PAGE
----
Scientists Have Discovered Aliens Are Using Black Holes?

Scientists now believe that aliens use black holes as quantum computers, which may be why we have yet to find any solid proof of extraterrestrial life.

By Charlene Badasie | Updated

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A team of German and Georgian researchers says advanced extraterrestrial civilizations could be using black holes as quantum computers. They believe this could be why scientists and astronomers haven’t found any signs of life in the universe. The revelation was made in a new preprint paper that explores the wild hypothesis and a potential solution.

According to the team, focusing on finding signs of artificial black holes could point toward an advanced alien civilization. Speaking about their research via Futurism, Theoretical Physicist Gia Dvali and Physics Professor Zaza Osmanov say scientists have been primarily searching for radio messages. There have also been several attempts to find Dyson Sphere Candidates, structures that are built around stars.

Since the search for extraterrestrial life is complex, all possible channels should be tested. As such, scientists should look for techno signatures emanating from potential mega structures built around other celestial objects. This includes pulsars, white dwarf stars, and black holes. Searching for large-scale quantum computing that would allow aliens to quickly process data is also recommended.

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“No matter how advanced is a civilization or how different their particle composition and chemistry, we are unified by laws of quantum physics and gravity,” Dvali and Osmanov told Science Alert. Due to these laws, black holes would be the most efficient way to store quantum information. The concept builds on a theory by astrophysicist Roger Penrose.

In the 1980s, he suggested that black holes could be a limitless source of energy. He also proposed a method to extract the rotational energy of a moving black hole and suggested that an advanced civilization could achieve it by lowering and then releasing a mass from a structure that is co-rotating, the Resonance Science Foundation reports.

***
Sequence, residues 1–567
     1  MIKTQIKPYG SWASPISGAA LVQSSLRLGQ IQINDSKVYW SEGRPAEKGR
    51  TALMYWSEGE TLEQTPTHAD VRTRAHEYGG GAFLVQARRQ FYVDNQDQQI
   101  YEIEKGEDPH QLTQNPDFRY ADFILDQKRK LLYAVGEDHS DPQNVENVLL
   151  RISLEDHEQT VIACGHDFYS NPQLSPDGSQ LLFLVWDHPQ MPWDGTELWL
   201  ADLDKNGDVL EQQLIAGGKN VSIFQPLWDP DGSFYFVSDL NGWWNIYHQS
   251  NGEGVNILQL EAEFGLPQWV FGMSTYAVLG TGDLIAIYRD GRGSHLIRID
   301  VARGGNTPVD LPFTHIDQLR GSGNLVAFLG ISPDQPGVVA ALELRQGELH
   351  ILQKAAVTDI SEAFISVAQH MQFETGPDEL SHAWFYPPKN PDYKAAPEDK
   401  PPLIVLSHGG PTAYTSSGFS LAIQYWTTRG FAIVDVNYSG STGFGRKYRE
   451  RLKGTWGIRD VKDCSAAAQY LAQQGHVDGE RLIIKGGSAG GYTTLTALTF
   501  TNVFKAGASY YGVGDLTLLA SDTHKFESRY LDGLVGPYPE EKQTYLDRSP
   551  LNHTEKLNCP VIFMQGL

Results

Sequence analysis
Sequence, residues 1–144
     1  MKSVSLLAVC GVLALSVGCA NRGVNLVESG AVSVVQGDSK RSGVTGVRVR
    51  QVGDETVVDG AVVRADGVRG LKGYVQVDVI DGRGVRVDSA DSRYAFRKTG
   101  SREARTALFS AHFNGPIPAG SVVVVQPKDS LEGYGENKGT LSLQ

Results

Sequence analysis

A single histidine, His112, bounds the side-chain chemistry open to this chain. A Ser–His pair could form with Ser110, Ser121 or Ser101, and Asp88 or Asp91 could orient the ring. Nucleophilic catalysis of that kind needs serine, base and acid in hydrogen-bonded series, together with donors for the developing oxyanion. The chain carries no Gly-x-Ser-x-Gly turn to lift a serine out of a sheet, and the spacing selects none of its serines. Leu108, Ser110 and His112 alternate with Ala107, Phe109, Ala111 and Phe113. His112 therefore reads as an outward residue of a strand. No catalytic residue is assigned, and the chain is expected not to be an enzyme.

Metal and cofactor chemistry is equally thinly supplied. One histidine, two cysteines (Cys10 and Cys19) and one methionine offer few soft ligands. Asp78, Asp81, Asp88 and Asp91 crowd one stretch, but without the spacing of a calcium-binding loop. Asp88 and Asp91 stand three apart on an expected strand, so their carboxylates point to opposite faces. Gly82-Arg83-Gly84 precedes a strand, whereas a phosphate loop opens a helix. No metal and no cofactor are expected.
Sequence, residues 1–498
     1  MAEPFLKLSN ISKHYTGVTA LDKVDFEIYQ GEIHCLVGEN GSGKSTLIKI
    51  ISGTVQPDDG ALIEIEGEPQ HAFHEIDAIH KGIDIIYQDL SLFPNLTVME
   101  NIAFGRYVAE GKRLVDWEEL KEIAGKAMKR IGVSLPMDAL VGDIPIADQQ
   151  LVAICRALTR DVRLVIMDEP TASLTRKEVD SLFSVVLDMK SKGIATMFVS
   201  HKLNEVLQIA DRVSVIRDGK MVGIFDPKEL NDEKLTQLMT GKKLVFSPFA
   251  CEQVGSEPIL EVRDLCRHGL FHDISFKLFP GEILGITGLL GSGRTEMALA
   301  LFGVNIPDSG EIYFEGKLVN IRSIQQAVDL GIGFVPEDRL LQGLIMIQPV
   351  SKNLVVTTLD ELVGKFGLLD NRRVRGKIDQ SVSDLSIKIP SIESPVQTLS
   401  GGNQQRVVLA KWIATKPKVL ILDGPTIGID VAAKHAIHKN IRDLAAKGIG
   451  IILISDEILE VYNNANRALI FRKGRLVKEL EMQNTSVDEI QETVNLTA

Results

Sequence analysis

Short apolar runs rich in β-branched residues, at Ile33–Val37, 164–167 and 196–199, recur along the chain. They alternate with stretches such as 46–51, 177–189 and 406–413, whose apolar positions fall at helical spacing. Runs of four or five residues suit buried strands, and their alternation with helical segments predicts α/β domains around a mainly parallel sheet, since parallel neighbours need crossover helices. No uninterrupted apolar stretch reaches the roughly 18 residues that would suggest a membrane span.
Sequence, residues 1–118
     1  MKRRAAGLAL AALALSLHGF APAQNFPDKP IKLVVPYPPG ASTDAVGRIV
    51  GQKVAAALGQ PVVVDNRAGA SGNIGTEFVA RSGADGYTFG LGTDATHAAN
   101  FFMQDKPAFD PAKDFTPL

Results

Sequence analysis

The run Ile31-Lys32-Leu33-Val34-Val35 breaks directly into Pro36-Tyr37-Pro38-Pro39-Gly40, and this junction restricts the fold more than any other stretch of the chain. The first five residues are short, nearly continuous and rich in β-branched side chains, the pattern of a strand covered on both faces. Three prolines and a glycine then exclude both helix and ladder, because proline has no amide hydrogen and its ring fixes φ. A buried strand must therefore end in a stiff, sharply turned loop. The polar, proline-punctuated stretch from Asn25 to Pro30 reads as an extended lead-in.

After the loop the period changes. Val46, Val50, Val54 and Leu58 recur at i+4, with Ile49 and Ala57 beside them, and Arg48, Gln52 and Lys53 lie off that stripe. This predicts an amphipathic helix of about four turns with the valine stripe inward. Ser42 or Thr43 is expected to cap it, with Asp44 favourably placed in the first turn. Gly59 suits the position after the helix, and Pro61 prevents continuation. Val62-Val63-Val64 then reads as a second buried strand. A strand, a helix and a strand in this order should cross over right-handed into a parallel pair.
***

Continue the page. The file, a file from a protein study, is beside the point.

The process would occur just outside the event horizon, also known as the Ergosphere, where frame-dragging is strongest. It would involve tearing apart an object with one portion entering the event horizon. The other piece would be accelerated outwards with an additional impulse from the rotational energy of the black holes.

The excess energy calculated by Penrose was estimated to be 21% more than the incoming energy. Inspired by the theory, Yakov Zel’dovich predicted that quantum fluctuations would gain energy and be amplified. Although the concept is important, it could not be verified experimentally as the cylinder rotation rate must be larger than the incoming wave frequency.

This is very challenging when using electromagnetic waves, the Resonance Science Foundation says. Still, current researchers believe that small, artificially created black holes could act as capacitors for quantum information. And this data could be used to find life on other planets.

They also propose that the IceCube Neutrino Observatory in the Antarctic could detect techno signatures from black hole quantum computers due to the type of radiation released. This is just one potential example of a very exciting new direction for discovering extraterrestrial life and a solution to the Fermi paradox.

While the black holes proposal doesn’t guarantee more answers to the mysteries of the universe, it’s certainly worth considering.